V5 was a last visit to Fiordland including an
Oystercatcher and a dolphin encounter from the bobbing Zodiacs
V1, V4 and V5 all visited Stewart Island - but only on V5
did anything strike my fancy. On that voyage we had a nice visit
to the nature reserve of Ulva Island with parakeet, sea lions and
No landings are allowed at the
Snares - only Zodiac cruising - the Snares is one of my favorite
spots for cruising. For the first 2
visits I was not confident enough in my driving to take
photographs. In both cases conditions were difficult - with
strong winds on V1 and big swells on V2. They were toward to
edge of my comfort zone. I drove successfully in both, adding
greatly to my confidence level. And in both cases the wildlife
viewing was super. Seas and rocks full of Snares Crested
Penguins and NZ fur seals, lots of tricky navigation in caves
and inlets, and the most birds I have been among on the sea as
we drifted in a flock of Bullers Albatross actively feeding on
the fish we could see beneath the boat. Happy PAX and happy
guide. On V2 someone caught a photo of me as a driver. On V3 I
rode along as the Naturalist for crew driver (doing the blah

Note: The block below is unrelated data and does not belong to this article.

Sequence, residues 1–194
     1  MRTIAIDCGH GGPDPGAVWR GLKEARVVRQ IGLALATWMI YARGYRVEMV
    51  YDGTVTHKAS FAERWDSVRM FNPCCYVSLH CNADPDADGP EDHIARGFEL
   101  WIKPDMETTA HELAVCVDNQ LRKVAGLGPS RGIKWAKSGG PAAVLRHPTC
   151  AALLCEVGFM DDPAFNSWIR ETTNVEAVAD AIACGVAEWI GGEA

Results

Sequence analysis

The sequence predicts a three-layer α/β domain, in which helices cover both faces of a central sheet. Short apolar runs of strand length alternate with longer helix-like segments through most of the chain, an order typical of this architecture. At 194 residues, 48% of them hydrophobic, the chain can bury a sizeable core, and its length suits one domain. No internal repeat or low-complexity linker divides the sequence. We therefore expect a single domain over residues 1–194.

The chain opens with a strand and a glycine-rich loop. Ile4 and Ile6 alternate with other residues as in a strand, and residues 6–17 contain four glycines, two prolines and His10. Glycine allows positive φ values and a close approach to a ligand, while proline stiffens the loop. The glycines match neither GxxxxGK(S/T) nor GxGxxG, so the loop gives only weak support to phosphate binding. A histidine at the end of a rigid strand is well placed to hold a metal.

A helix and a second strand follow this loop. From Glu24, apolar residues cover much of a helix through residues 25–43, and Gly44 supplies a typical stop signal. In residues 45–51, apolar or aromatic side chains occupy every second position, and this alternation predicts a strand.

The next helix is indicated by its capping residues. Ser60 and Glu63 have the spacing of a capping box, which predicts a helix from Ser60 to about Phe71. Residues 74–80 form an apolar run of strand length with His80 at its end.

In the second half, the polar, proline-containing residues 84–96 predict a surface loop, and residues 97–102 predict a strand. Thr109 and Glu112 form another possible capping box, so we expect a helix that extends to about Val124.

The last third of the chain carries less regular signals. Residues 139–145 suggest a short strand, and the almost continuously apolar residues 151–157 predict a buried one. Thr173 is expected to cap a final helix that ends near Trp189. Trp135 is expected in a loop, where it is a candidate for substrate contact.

blah in guide-speak).
On V4 I was also doing the
blah-blah. The penguins and Bullers were still there and I caught
a Salvins albatross in flight too.
On V1 we did Zodiac cruises in
Carnley Harbour and Musgrave inlet - both great but again no
pictures as I was driving. Then 2 landings on Enderby Island: at
the site of the Hardwicke settlement and at Sandy Bay. At
Hardwicke only the graveyard remains - with graves from the failed
settlement and of shipwreck victims.
For V1 at Sandy Bay, the Hooker Sea Lion
colony was in full on pupping and mating season. More action, sex
and violence than a Tarantino movie. The bulls were battered from
their battles. The pups were cute.
Here is a short video to give you a little idea.
There is plenty more to see at
Sandy Bay with the Southern Rata in full blossom, the Yellow Eye
Penguins, and the ever vigilant Skua
For V2 the Sandy Bay action
had cooled a bit as the season had progressed, and the drizzle
persisted most of the day. The Light Mantled Sooty Albatross
were nesting on the cliffs, the Southern Royals and Pippits were
in residence, the megaherbs still in bloom, and likin' the
For V3 the beach was empty but it was all about the
Souther Royal Albatross soaring along the cliffs and "gamming"
along the boardwalk.
For the V1 visit to Campbell Island the megaherbs were in
full bloom, the Southern Royals were nesting, and the Zodiac
driver enthusiastic. While not captured in pixels I spent an
unforgettable 20 minutes in the evening on the way down from the